Tax rebates appear to be helping Americans pay down their credit card debt, according to a new report from Standard & Poor’s.
The rate at which obligors pay down their outstanding balances and determines how quickly investors are paid out under adverse conditions, improved 100 bps to 19.7% in May, a four-month high since January 2008, S&P said.
Tax rebate checks may have aided the improvement, along with more collection days in May compared with April.
More than 80% of the credit-card trusts tracked by S&P reported higher payment rates in May, and more than 40% of the trusts recorded payment rates exceeding 20%.
Delinquencies in the 30- and 60-plus-day categories were down 10 bps to 4.3% and 3.1%, respectively, while 90-plus-day delinquencies were unchanged at 2.2%.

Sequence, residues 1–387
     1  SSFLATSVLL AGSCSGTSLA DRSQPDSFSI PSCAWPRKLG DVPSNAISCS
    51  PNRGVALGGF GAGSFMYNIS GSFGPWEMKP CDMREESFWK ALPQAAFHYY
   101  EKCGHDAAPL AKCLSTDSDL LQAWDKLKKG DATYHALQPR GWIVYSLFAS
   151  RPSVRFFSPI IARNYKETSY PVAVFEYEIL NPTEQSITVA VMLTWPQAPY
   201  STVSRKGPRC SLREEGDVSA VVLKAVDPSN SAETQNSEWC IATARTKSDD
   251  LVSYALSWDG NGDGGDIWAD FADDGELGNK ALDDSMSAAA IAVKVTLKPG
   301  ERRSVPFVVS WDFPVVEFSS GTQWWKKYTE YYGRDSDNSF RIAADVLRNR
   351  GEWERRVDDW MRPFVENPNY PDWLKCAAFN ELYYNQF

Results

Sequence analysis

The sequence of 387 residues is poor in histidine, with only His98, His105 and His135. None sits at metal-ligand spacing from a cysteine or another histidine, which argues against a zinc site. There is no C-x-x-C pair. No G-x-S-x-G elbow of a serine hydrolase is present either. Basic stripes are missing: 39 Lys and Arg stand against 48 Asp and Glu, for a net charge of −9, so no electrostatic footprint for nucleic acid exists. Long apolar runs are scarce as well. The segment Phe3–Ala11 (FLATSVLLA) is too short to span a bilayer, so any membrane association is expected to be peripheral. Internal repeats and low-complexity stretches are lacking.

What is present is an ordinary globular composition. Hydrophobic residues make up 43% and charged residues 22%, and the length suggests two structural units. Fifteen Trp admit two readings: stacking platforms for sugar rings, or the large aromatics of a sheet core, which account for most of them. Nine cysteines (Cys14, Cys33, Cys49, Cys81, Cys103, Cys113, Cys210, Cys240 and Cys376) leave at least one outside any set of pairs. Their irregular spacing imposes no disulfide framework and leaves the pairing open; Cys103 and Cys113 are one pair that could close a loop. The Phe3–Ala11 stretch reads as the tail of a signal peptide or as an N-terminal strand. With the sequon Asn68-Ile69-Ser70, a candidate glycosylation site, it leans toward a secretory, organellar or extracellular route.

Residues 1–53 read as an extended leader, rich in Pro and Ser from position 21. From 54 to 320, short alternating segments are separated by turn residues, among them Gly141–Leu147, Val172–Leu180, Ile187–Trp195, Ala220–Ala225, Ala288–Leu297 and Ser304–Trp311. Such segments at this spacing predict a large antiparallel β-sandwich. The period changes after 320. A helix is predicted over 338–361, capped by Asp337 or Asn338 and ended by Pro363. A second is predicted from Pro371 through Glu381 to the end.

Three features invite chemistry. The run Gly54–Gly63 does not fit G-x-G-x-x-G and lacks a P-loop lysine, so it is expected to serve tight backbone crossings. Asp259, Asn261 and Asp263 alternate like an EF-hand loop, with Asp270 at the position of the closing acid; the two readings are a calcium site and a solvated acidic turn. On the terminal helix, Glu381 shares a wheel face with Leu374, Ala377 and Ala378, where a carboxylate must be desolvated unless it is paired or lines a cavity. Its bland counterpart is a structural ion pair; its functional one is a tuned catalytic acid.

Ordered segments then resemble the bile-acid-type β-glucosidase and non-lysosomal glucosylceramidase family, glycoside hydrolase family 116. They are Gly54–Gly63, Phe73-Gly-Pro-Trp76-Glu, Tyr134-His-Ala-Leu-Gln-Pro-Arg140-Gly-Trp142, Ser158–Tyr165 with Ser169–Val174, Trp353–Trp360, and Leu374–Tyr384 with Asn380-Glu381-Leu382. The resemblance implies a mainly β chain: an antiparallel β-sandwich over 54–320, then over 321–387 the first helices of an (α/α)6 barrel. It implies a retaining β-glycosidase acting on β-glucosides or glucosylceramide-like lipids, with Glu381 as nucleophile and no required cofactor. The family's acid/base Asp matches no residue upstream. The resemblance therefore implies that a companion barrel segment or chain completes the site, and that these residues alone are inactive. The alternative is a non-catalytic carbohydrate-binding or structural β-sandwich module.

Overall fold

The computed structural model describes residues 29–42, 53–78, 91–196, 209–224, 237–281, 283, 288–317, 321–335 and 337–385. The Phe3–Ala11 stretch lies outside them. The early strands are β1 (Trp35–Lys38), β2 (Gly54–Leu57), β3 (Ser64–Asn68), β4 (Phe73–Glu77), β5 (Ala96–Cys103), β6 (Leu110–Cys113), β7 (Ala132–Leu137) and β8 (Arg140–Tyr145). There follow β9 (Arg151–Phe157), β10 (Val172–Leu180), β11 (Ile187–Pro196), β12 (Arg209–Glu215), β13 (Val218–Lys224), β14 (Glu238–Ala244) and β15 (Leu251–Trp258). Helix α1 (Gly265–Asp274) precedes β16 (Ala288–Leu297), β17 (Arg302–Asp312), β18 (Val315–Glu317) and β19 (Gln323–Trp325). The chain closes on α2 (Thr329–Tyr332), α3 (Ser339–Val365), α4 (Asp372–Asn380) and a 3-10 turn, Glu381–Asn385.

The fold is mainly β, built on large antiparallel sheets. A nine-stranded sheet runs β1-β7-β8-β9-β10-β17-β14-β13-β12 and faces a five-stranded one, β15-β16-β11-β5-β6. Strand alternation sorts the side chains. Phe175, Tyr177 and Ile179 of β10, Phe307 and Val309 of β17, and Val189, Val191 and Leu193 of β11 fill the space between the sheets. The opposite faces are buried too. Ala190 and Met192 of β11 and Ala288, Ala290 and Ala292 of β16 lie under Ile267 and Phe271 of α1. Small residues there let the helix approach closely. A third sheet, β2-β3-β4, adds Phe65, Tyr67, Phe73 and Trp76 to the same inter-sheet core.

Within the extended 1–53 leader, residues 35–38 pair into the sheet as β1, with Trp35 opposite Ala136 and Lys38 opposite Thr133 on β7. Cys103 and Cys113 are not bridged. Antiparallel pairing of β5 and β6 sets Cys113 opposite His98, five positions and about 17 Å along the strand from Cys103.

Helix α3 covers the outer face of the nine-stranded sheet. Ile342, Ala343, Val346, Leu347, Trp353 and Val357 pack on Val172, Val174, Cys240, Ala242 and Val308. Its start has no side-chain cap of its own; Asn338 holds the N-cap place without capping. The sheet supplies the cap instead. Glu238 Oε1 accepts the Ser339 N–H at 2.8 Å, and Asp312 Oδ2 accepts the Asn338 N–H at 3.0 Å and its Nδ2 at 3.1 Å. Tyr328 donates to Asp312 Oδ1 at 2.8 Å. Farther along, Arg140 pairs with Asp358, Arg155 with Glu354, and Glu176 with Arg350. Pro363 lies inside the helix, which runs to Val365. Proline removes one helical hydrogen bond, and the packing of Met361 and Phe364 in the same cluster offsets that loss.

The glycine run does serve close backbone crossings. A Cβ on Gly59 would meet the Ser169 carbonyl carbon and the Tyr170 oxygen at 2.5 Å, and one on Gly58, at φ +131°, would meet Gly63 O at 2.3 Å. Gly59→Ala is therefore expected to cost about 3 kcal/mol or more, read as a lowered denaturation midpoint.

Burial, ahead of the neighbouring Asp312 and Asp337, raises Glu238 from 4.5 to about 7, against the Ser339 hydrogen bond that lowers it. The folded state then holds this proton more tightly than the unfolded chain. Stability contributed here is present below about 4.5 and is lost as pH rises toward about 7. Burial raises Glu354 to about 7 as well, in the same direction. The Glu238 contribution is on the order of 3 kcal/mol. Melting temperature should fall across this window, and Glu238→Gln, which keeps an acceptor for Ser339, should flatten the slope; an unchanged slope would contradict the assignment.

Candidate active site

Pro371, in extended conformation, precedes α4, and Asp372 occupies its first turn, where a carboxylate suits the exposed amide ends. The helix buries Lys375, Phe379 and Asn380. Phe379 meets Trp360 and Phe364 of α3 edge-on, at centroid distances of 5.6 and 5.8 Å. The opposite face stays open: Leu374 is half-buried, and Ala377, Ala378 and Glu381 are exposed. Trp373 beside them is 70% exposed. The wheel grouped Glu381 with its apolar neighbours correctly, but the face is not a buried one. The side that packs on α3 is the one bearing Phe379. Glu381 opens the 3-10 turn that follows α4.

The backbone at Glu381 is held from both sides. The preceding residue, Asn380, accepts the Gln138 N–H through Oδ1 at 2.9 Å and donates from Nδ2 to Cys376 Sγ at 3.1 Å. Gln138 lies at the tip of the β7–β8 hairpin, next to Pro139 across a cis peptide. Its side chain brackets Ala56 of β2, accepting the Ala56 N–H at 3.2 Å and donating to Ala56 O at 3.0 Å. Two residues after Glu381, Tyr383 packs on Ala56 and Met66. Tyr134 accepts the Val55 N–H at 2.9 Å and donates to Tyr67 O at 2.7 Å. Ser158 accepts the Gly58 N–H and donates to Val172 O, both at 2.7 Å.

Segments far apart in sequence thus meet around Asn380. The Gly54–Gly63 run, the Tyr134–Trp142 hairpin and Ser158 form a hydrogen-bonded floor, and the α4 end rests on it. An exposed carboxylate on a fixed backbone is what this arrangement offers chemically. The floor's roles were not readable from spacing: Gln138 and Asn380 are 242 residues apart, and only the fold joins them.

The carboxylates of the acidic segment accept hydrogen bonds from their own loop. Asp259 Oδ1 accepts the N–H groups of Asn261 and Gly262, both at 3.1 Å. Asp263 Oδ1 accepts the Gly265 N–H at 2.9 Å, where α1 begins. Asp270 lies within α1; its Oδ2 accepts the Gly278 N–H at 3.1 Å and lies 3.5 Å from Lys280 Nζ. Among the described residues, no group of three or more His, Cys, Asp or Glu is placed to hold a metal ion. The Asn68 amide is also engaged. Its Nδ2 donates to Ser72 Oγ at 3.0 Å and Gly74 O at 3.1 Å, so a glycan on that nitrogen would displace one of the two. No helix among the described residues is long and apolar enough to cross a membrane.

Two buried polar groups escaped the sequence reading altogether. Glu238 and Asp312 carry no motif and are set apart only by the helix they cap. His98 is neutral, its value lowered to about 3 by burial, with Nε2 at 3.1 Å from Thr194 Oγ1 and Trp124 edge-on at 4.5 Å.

S&P said the payment rate had been relatively flat starting in 2006 until the last quarter of 2007, when it started to trend downward slightly. “The decline may reflect the impact of a weaker economy and the lack of alternative funding sources that helped borrowers pay down credit card debt in past years. The payment rate averaged 19.3% for the first five months of 2008, which was 90 bps lower than the full-year 2007 average of 20.2%. Nonetheless, the payment rate has increased nearly 20% since 2003 and is almost 10% higher than the average since 2000 (17.7%). ”
We expect the payment rate to remain strong unless there are significant changes in consumers’ card use patterns or the minimum payment rate policy.